Economists Still Bullish Despite Bearish Dairy Reports
University of Wisconsin dairy economists Bob Cropp and Mark Stephenson are still optimistic that 2017 Class III prices will average north of $17, despite two somewhat bearish USDA reports released this week.
For the year, milk production climbed to 212.5 billion lb, up 1.9% from 2015. Cow numbers averaged 9.333 million head, 16,000 more than in 2015.
“This was a strong year for milk production,” says Stephenson. “In the north, most states (Montana being the lone exception) were up.”
In the South, only Arizona, Texas and Georgia reported higher milk production in 2016. California production, although up the last three months of the year, was down 1% on an annual basis.
The strong Cold Storage and inventory numbers reported in the Cold Storage report are a bit of a surprise to Cropp and Stephenson. But they’re also not a total shock because this is generally what happens after retailers stock up for their holiday sales in November and December. What needed to happen is the Green Bay Packers making it to the Super Bowl, says Cropp. “If the Packers had won [in Atlanta], that could have added 10¢ to cheese prices,” he quips.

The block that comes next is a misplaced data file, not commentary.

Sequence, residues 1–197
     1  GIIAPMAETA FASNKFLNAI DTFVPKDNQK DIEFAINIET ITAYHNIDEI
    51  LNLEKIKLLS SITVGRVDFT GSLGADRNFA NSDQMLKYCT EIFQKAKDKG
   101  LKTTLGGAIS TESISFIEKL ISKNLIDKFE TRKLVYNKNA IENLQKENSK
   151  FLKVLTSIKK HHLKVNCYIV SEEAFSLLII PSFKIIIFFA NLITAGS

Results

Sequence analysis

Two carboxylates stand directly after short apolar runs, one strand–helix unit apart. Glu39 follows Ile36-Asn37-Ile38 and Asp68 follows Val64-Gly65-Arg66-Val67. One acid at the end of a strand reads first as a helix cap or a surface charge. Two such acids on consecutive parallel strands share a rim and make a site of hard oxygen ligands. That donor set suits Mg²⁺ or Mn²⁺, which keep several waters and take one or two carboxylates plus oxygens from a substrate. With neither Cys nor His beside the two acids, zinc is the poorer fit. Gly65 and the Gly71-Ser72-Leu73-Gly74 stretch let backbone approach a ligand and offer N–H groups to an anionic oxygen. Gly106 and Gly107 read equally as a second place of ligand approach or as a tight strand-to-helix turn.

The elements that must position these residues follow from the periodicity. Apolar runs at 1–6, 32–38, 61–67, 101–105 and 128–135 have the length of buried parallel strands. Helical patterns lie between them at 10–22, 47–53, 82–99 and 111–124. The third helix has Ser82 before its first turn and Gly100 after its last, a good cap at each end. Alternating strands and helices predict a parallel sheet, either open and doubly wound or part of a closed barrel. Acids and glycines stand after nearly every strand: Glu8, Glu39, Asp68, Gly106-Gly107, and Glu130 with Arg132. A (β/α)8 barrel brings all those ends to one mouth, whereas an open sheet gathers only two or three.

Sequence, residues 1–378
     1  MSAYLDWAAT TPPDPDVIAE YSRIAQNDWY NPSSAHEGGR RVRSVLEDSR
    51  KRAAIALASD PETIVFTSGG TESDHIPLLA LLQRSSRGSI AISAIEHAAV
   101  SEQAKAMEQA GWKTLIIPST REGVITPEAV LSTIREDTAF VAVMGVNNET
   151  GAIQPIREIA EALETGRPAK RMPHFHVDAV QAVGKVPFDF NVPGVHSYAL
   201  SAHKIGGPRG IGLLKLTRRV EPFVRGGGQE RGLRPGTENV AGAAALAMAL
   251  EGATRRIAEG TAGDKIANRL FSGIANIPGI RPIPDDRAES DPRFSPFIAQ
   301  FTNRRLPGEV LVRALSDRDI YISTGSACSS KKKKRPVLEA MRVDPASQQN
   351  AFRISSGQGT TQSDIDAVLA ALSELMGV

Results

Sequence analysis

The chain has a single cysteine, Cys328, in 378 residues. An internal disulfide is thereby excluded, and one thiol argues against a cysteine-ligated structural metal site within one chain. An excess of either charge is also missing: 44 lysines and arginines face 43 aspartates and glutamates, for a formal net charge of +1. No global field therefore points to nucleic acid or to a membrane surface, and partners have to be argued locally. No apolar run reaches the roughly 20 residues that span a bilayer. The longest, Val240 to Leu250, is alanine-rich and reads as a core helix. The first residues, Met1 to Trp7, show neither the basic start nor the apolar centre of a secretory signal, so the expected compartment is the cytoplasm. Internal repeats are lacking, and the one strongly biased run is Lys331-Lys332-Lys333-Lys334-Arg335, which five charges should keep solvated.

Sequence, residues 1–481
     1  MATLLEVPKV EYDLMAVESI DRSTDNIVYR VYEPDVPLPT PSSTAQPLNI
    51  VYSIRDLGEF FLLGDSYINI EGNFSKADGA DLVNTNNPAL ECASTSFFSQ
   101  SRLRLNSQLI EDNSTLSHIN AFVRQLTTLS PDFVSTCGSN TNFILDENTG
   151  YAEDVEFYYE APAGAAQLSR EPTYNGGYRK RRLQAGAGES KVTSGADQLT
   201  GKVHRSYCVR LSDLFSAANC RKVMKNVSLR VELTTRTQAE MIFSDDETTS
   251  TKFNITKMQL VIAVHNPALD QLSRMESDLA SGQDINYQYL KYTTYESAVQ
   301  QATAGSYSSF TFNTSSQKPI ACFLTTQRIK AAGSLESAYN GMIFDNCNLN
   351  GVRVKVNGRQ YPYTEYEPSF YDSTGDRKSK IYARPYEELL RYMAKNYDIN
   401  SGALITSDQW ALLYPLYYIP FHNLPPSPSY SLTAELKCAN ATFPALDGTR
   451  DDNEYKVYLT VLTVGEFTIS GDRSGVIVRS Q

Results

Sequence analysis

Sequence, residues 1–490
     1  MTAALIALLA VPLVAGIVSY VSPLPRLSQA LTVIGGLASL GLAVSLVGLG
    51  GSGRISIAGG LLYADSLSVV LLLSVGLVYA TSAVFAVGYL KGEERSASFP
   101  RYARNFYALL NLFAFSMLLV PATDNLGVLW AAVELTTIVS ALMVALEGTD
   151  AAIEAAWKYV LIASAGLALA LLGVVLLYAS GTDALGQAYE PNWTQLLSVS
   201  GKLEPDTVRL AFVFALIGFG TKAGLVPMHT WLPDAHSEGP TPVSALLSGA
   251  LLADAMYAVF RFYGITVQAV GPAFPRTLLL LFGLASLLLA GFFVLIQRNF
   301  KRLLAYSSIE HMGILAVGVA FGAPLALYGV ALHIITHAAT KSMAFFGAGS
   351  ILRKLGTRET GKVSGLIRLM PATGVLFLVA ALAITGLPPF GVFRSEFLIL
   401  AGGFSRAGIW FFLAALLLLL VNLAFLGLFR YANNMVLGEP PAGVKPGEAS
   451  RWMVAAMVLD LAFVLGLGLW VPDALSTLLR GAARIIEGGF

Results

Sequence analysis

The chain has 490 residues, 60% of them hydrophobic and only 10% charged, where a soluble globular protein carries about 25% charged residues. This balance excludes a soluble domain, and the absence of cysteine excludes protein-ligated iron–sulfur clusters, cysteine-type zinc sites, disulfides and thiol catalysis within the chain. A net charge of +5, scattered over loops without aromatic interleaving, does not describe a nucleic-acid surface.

Still, both economists are optimistic. Class III prices might dip this spring as consumers eat their way through cheese and butter stocks. But both Cropp and Stephenson expect Class III milk prices to rebound in the summer, and average above $17 for the year.
You can view their analysis here.